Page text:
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A Glimpse Backstage at Phare…

Editor’s Note: This blog post is originally published at Phare Cambodian Circus’ blog. You can read the original piece at this link.
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Ever wondered what really goes on backstage at a show? So have we. We decided to poll our artists and get some of their backstage pre-performance routines to share with you. Many of their show preparations won’t surprise you, but there are some interesting things you may not have thought of.There is a unanimous necessity that everyone has probably thought of: warming up! Hurling yourself through the air, balancing yourself or someone else on your hands, etc. requires getting your muscles plenty warm before walking onto a stage in front of hundreds of people. To attempt performing “cold” would mean failed stunts – and most importantly – injury. Performers arrive 2-3 hours before the show to prepare the stage and to get warm. This means stretching, and always, lots of handstands…©Aaron Joel Santos

As you might have guessed, our musicians (Vanthan pictured here) often get their minds focused with some headphones on to get in the proper mood…backstage (2)

 

Next up is the make-up. Depending on the show and the costumes involved, make-up can take up to an hour. We have a make-up artist and performers help one another with body paint and drawings…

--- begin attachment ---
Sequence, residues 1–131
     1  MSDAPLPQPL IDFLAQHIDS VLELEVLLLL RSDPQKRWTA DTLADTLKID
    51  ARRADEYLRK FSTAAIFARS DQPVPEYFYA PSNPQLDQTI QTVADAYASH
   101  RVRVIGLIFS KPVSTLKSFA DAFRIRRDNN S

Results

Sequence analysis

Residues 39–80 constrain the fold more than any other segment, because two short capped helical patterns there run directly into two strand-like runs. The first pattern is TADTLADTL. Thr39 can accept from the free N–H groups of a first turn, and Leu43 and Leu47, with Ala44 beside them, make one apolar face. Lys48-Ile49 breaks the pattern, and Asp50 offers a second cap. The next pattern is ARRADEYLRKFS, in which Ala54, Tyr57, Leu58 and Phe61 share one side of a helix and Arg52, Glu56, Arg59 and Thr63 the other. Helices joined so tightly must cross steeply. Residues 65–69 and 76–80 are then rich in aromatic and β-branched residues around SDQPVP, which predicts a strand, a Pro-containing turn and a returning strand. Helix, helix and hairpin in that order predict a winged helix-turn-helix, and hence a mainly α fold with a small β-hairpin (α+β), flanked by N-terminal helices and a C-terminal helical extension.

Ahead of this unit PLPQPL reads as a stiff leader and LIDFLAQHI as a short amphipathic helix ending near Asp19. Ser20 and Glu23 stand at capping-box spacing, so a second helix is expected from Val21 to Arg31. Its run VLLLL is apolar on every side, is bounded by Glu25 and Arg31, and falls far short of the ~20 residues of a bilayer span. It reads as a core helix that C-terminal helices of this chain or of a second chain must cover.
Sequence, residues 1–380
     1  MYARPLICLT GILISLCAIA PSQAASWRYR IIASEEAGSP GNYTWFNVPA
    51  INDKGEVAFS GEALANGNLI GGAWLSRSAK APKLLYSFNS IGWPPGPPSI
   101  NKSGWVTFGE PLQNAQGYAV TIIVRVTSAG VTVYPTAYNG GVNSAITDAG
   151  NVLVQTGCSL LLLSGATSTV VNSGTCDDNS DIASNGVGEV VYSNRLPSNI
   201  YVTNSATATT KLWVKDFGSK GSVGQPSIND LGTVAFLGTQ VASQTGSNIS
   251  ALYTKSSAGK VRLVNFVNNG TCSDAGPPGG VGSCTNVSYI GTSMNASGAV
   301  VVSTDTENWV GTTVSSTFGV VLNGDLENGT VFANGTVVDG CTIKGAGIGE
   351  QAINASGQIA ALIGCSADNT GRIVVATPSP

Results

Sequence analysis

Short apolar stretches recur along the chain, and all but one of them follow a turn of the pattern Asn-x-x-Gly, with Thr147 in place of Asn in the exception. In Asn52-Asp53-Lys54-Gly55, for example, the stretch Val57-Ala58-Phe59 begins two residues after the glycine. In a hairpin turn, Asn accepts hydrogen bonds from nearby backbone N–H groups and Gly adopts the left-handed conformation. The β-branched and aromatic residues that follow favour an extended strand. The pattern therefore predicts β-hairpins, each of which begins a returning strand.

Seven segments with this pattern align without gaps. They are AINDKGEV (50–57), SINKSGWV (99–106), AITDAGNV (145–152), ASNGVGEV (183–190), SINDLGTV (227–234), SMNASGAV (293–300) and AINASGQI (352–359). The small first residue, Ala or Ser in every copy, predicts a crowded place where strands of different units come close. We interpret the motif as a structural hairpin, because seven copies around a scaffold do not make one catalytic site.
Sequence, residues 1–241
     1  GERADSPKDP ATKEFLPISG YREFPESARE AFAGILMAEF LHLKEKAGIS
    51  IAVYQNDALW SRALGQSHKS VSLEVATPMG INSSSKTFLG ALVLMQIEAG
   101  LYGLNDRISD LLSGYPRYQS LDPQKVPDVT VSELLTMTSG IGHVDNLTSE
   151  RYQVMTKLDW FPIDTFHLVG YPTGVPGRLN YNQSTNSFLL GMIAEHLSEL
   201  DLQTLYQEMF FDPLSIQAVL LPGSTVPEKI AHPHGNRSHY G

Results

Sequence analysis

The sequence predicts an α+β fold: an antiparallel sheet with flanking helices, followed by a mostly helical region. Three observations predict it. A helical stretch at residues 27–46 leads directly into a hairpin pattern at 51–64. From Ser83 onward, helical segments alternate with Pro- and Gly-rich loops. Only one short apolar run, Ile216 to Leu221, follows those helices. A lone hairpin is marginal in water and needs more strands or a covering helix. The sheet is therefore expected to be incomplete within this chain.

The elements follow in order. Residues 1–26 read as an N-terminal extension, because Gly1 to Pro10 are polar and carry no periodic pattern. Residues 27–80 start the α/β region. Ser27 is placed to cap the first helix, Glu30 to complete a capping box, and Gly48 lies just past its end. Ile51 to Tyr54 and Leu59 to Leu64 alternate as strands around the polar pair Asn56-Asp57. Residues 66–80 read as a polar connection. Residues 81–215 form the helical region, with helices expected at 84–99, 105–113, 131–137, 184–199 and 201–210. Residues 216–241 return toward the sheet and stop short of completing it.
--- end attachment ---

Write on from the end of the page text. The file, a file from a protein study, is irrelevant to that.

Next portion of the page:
©Aaron Joel Santos

Artists often must step outside to quickly re-apply before going back onstage – it’s hot in Cambodia – sweat and smearing of paint are a part life for the artists… And the lipstick has to be perfect!…

backstage (4)backstage (5)

Lastly, a surprising favorite once the make-up is complete is the word famous “selfie.” And what better way to get in the mood to perform than be your own audience right before the show? And when you come see a production, you can get a pic with the artists as well right after every show…  Don’t be shy – they love the camera and you’ll have your own selfie to post. Share in the fun with us on facebook:
https://www.facebook.com/PhareCambodianCircus

©Aaron Joel Santos

Smile!

(more…)

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Preparing For Circus Class, on the Other Side of the World

Wawan Kuriawan, 18, is from Cilincing, an impoverished fishing village in North Jakarta, Indonesia, and is in the last few weeks of preparation before he heads off on an adventure to the United States and Canada for four months of intensive circus training.

Wawan at a community circus performance

Poverty meant that Wawan had to drop out of school at a young age. But in 2009, he joined the Red Nose Foundation’s Arts and Education Outreach Program at Cilincing and has proven himself as a keen student of circus arts and other skills such as English.

Wawan, who works at a small warung (restaurant) to help support his family, is talented, and has the makings of a successful social circus instructor and circus performer. Travelling to the U.S. to further his knowledge and skills, and experience a world outside of Cilincing, will change his life.